Container Configuration

Container configuration is a YAML file which is usually put into /config/<service_name>.yaml into container image itself.

Note

Curently container configuration may be put into any folder inside the image, but we may fix this folder later. The arbitrary path for container configuration may be a security vulnerability.

The somewhat minimal configuration is looks like following:

kind: Daemon
user-id: 1
volumes:
  /tmp: !Tmpfs { size: 100m }
executable: /bin/sleep
arguments: [60]

Variables

Container can declare some things, that can be changed in specific instantiation of the service, for example:

variables:
  tcp_port: !TcpPort
kind: Daemon
user-id: 1
volumes:
  /tmp: !Tmpfs { size: 100m }
executable: /bin/some_program
arguments:
- "--listen=localhost:@{tcp_port}"

The variables key declares variable names and types. Value for these variables can be provided in variables in Process Config.

There are the following types of variables:

TcpPort
Allows a number between 1-65535 and ensures that the number matches port range allowed in sandbox (see allow-tcp-ports)
Choice
Allows a value from a fixed set of choices (example: !Choice ["high-priority", "low-priority"])
Name

Allows a value that matches regex ^[0-9a-zA-Z_-]+$. Useful for passing names of things into a script without having a chance to keep value unescaped when passing somewhere within a script or using it as a filename.

New in version 0.10.3.

All entries of @{variable_name} are substituted in the following fields:

  1. arguments
  2. The values of environ (not in the keys yet)
  3. The key in the tcp-ports (i.e. port number)

The expansion in any other place does not work yet, but may be implemented in the future. Only declared variables can be substituted. Trying to substitute undeclared variables or non-existing built-in variable results into configuration syntax error.

There are the number of builtin variables that start with lithos::

lithos:name
Name of the process, same as inserted in LITHOS_NAME environment variable
lithos:config_filename
Full path of this configuration file as visible from within container

More built-in variables may be added in the future. Built-in variables doesn’t have to be declared.

Reference

kind

One of Daemon (default), Command or CommandOrDaemon.

The Daemon is long-running process that is monitored by supervisor.

The Command things are just one-off tasks, for example to initialize local file system data, or to check health of daemon process. The Command things are run by lithos_cmd utility

The CommandOrDaemon may be used in both ways, based on how it was declared in Process Config. In the command itself you can distinguish how it is run by /cmd. in LITHOS_NAME or cgroup name or better you can pass variable to a specific command and/or daemon.

New in version 0.10.3: ContainerOrDaemon mode

user-id

The numeric user indentifier for the process. It must be one of the allowed values in lithos configuration. Usually value of 0 is not allowed.

group-id

The numeric group indentifier for the process. It must be one of the allowed values in lithos configuration. Usually value of 0 is not allowed.

memory-limit

The memory limit for process and it’s children. This is enforced by cgroups, so this needs memory cgroup to be enabled (otherwise its no-op). See cgroup-controllers for more info. Default: nolimit.

You can use ki, Mi and Gi units for memory accounting. See integer-units.

cpu-shares

The number of CPU shares for the process. Default is 1024 which means all processes get equal share. You may split them to different values like 768 for one process and 256 for another one.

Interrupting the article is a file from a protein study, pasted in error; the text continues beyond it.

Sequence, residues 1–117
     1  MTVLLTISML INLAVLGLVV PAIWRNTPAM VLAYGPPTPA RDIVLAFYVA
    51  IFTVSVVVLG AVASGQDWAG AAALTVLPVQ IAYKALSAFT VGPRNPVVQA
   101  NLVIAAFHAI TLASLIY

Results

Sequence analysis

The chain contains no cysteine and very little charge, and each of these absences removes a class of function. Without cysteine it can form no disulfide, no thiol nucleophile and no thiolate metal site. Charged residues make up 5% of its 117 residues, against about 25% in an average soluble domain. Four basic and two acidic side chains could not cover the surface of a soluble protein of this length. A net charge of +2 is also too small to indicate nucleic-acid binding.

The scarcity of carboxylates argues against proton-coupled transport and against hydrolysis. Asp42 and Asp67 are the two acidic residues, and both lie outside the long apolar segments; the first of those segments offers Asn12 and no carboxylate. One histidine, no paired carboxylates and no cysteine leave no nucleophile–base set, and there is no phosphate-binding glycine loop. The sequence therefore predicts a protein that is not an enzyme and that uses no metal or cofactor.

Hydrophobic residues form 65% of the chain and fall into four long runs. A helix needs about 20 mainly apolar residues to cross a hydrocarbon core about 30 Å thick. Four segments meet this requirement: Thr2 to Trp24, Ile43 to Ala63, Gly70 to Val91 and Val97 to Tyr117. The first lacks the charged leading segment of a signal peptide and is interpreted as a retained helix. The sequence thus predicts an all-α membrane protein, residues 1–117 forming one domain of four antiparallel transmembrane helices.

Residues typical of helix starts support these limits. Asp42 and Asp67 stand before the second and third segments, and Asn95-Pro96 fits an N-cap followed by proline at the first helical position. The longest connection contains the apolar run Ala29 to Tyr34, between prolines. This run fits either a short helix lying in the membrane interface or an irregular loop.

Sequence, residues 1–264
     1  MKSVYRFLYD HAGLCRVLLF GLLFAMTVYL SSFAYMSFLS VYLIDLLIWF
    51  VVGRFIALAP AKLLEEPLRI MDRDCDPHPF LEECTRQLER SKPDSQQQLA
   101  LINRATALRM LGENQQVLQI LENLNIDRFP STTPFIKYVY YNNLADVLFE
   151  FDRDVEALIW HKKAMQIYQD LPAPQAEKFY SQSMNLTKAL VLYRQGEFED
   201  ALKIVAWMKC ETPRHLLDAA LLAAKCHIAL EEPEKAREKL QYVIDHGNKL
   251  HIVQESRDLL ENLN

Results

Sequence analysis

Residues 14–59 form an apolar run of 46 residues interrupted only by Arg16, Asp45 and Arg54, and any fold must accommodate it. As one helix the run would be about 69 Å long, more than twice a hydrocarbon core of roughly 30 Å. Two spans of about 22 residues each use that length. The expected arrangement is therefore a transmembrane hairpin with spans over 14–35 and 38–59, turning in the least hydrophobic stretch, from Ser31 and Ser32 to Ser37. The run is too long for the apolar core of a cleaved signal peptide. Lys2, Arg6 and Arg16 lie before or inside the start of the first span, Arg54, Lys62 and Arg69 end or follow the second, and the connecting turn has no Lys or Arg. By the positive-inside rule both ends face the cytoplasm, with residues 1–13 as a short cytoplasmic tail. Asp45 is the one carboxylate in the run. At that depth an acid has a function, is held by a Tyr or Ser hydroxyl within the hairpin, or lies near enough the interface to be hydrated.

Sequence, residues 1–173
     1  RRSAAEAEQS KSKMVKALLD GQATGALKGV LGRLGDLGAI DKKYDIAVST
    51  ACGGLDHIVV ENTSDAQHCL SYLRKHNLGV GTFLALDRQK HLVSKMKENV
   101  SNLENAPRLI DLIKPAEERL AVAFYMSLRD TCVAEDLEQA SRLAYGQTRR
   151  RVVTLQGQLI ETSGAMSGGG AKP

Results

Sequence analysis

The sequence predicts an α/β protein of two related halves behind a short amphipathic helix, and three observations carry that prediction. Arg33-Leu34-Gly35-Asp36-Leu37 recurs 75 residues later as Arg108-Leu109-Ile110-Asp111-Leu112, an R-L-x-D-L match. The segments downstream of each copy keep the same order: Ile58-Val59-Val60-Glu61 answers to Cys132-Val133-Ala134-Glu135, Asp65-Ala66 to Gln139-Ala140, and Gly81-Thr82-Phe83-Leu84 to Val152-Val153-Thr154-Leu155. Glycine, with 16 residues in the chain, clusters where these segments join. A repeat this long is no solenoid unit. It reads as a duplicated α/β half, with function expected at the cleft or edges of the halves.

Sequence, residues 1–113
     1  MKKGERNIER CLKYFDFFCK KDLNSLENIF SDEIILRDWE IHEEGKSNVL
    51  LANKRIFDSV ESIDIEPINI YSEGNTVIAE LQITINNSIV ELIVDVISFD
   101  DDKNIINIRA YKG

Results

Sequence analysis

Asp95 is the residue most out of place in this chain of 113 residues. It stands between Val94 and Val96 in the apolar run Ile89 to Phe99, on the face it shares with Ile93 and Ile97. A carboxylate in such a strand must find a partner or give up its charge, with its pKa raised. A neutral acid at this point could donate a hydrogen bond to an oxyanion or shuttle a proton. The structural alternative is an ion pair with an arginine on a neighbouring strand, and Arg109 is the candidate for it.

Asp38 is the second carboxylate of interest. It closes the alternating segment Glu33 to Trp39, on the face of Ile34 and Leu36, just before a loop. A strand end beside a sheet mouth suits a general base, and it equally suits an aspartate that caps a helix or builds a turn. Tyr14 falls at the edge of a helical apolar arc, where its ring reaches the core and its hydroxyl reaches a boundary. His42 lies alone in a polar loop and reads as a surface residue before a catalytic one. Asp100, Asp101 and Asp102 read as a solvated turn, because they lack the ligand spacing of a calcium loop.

This is enforced by cgroups, so this needs cpu cgroup to be enabled (otherwise its no-op). See cgroup-controllers for more info.

fileno-limit

The limit on file descriptors for process. Default 1024.

restart-timeout

The minimum time to wait between subsequent restarts of failed processes in seconds. This is to ensure that it doesn’t boggles down CPU. Default is 1 second. It’s enough so that lithos itself do not hang. But it should be bigger for heavy-weight processes. Note: this is time between restarts, i.e. if process were running more than this number of seconds it will be restarted immediately.

kill-timeout

(default 5 seconds) The time to wait for application to die. If it is not dead by this number of seconds we kill it with KILL.

You should not rely on this timeout to be precise for multiple reasons:

  1. Unidentified children are killed with a default timeout (5 sec). This includes children which are being killed when their configuration is removed.
  2. When lithos is restarted (i.e. to reload a configuration) during the timeout, the timeout is reset. I.e. the process may hang more than this time.
executable

The path to executable to run. Only absolute paths are allowed.

arguments

The list of arguments for the command. Except argument zero.

environ

The mapping of values that are set for process. You must set all needed environment variables here. The only variable that is propagated by default is TERM. Also few special LITHOS_ variables may be set. This means you must set all the basic LANG, HOME and so on explicitly. This is to ensure that your environment is always the same regardless of where you run process.

workdir

The working directory for target process. Default is /. Working directory must be absolute.

resolv-conf

Parameters of the /etc/resolv.conf file to generate. Default configuration is:

resolv-conf:
    copy-from-host: true

Which means resolv.conf from host where lithos is running is copied to the “state” directory of the container. More options are expected to be added later.

Warning

To make use of it you should symlink ln -s /state/resolv.conf /etc/resolv.conf in the container’s image. It’s done this way so you can introspect and presumably update resolv.conf from the outside of container.

hosts-file

Parameters of the /etc/hosts file to generate. Default configuration is:

hosts-file:
    localhost: true
    public-hostname: true
    copy-from-host: false